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Year : 2021  |  Volume : 10  |  Issue : 3  |  Page : 181-183

Advancing anatomy teaching by incorporating the neurophysiological concepts of learning

Additional Professor, Department of Anatomy, All India Institute of Medical Sciences, Raipur, Chhattisgarh, India

Correspondence Address:
Abu Ubaida Siddiqui
Department of Anatomy, All India Institute of Medical Sciences, GE Road, Tatibandh, Raipur - 492 099, Chhattisgarh
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Source of Support: None, Conflict of Interest: None

DOI: 10.4103/NJCA.NJCA_20_21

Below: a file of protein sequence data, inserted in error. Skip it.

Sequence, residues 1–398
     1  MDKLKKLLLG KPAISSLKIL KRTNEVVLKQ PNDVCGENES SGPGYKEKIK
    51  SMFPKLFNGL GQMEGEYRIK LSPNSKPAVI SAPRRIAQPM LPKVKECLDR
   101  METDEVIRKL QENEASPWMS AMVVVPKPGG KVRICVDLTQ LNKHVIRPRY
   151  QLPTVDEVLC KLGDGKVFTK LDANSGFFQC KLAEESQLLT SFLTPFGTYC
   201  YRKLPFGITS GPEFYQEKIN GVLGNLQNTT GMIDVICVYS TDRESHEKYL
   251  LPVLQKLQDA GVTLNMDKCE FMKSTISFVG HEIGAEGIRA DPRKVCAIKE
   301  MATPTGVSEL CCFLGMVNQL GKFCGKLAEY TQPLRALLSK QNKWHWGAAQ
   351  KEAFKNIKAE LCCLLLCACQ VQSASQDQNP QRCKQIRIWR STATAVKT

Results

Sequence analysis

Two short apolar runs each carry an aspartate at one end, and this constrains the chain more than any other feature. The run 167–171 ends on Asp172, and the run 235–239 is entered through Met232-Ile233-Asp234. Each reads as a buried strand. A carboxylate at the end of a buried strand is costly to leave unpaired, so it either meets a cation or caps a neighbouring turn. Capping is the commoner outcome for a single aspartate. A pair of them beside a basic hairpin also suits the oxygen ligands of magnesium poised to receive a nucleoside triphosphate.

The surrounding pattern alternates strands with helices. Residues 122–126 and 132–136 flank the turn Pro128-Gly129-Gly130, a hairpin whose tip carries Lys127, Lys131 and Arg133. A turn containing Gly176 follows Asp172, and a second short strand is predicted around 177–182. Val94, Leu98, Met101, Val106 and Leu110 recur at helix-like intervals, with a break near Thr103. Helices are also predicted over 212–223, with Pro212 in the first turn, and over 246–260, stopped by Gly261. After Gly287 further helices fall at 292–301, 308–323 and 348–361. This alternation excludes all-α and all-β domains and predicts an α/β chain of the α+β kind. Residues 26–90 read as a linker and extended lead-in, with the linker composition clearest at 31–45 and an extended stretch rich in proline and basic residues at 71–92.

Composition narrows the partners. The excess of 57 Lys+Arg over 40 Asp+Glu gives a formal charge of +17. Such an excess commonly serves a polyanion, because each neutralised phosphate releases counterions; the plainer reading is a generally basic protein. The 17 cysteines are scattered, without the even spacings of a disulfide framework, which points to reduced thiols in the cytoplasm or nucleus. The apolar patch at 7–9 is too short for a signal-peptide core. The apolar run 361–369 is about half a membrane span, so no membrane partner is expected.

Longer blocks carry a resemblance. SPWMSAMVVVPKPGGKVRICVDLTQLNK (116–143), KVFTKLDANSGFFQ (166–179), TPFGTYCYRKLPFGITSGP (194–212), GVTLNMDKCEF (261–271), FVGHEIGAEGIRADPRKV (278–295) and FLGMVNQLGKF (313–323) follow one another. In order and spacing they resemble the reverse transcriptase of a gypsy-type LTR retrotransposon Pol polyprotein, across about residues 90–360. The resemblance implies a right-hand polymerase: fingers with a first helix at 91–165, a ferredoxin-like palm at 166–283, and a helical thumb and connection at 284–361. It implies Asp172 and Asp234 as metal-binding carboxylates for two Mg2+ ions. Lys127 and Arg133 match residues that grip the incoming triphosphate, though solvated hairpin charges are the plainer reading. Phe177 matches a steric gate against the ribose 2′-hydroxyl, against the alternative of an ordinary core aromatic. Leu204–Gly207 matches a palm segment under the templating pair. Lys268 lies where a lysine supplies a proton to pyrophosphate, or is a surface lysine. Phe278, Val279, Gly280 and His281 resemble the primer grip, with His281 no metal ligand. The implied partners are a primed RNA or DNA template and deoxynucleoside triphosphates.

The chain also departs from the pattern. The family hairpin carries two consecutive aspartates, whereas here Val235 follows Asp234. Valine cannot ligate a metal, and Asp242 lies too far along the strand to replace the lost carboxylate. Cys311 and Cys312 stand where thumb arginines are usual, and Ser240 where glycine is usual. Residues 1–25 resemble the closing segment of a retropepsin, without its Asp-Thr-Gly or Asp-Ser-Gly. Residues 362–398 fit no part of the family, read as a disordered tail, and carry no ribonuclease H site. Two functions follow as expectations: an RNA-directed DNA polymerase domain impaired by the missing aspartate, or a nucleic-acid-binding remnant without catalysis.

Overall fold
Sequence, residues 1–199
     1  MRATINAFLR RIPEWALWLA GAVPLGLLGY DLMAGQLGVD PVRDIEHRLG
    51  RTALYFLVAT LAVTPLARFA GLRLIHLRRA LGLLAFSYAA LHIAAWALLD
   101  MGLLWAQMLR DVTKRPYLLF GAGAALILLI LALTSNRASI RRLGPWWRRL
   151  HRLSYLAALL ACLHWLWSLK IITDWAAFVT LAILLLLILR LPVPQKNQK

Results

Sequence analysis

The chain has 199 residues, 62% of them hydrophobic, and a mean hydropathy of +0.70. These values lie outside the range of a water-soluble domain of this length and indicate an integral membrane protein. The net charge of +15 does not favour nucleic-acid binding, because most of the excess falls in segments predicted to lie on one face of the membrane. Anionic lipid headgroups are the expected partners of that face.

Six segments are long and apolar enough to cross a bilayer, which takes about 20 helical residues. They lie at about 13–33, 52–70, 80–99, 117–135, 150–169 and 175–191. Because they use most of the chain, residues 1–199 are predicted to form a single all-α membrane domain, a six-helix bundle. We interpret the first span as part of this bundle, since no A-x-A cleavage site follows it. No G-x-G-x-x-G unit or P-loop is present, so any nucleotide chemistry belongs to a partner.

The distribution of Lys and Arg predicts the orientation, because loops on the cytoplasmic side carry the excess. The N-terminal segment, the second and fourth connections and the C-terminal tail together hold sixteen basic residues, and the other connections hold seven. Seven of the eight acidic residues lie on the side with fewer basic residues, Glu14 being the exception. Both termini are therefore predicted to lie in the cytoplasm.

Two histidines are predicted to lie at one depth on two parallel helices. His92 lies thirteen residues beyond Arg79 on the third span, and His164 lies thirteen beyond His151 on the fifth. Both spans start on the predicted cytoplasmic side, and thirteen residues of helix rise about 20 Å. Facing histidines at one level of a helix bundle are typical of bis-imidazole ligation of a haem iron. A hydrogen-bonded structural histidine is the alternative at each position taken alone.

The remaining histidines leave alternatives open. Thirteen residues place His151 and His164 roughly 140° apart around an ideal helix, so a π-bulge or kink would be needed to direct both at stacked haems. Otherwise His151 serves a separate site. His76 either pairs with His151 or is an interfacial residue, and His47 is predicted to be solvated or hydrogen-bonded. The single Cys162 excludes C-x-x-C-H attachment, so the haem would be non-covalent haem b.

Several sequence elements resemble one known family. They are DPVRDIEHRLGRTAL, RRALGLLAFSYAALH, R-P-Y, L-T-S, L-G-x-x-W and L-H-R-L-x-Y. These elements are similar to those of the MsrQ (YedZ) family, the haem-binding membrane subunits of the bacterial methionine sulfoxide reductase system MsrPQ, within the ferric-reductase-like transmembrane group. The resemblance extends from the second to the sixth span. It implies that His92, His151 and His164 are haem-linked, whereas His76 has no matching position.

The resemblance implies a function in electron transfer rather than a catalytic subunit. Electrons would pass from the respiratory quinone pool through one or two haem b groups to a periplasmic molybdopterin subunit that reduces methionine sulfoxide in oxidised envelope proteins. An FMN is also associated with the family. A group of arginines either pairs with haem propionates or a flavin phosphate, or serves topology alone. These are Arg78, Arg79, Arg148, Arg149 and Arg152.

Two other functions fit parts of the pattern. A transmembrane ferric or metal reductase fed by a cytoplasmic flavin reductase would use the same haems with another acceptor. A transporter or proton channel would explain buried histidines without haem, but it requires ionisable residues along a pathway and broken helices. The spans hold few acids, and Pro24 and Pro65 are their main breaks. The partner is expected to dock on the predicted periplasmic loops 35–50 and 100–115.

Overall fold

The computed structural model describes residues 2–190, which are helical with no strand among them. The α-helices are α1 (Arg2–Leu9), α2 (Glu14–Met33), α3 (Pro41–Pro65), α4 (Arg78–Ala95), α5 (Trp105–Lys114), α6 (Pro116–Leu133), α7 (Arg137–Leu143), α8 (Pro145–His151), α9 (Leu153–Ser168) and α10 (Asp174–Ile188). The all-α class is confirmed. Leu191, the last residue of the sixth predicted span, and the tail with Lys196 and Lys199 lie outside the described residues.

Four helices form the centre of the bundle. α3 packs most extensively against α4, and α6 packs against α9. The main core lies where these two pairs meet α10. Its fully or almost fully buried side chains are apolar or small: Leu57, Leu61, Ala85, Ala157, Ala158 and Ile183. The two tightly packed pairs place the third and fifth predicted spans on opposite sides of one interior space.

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Gross anatomy is staring at a challenge either to transform or to disappear, if not as a science may be as a faculty, in the present era of ever-evolving medical education systems. It is a well-understood fact that retention of anatomical information is not an easy job. It is also worthwhile to mention here that technology is a great contributor in the elaborate process of teaching and learning, but a logical methodology for delivering knowledge must gain precedence over any means of technology. A scientific approach in the acquisition of knowledge shall always enhance the sensory input in the brains of the learners. The knowledge disseminated should be delivered for a larger purpose to make it useful for the humankind. The scientific methodology of knowledge acquisition implies that documented sensory input shall not be automatically converted into a repertory of facts and figures. To make the process interesting and active, the need of the hour is to develop ordered arrays of data deliverance. All modalities of scientific teaching should move ahead through interconnected phases of knowledge. The delivery of sheer facts as a description is many a times entering the brain as a mere theoretical fact with not deductive results. The accumulated facts need to be correlated with the various facts that are being thrown open by the relevant other branches to discern the underlying patterns. Each organ is to a great extent the product of the function it performs, in the present as well as in the past. We have tried to summarize the above concept, thus trying to establish the fact that “the structure is a function in space and function is a structure in time.” The neuroanatomic-physiologic approaches should play the leading role in the development of the concepts of learning of anatomy.

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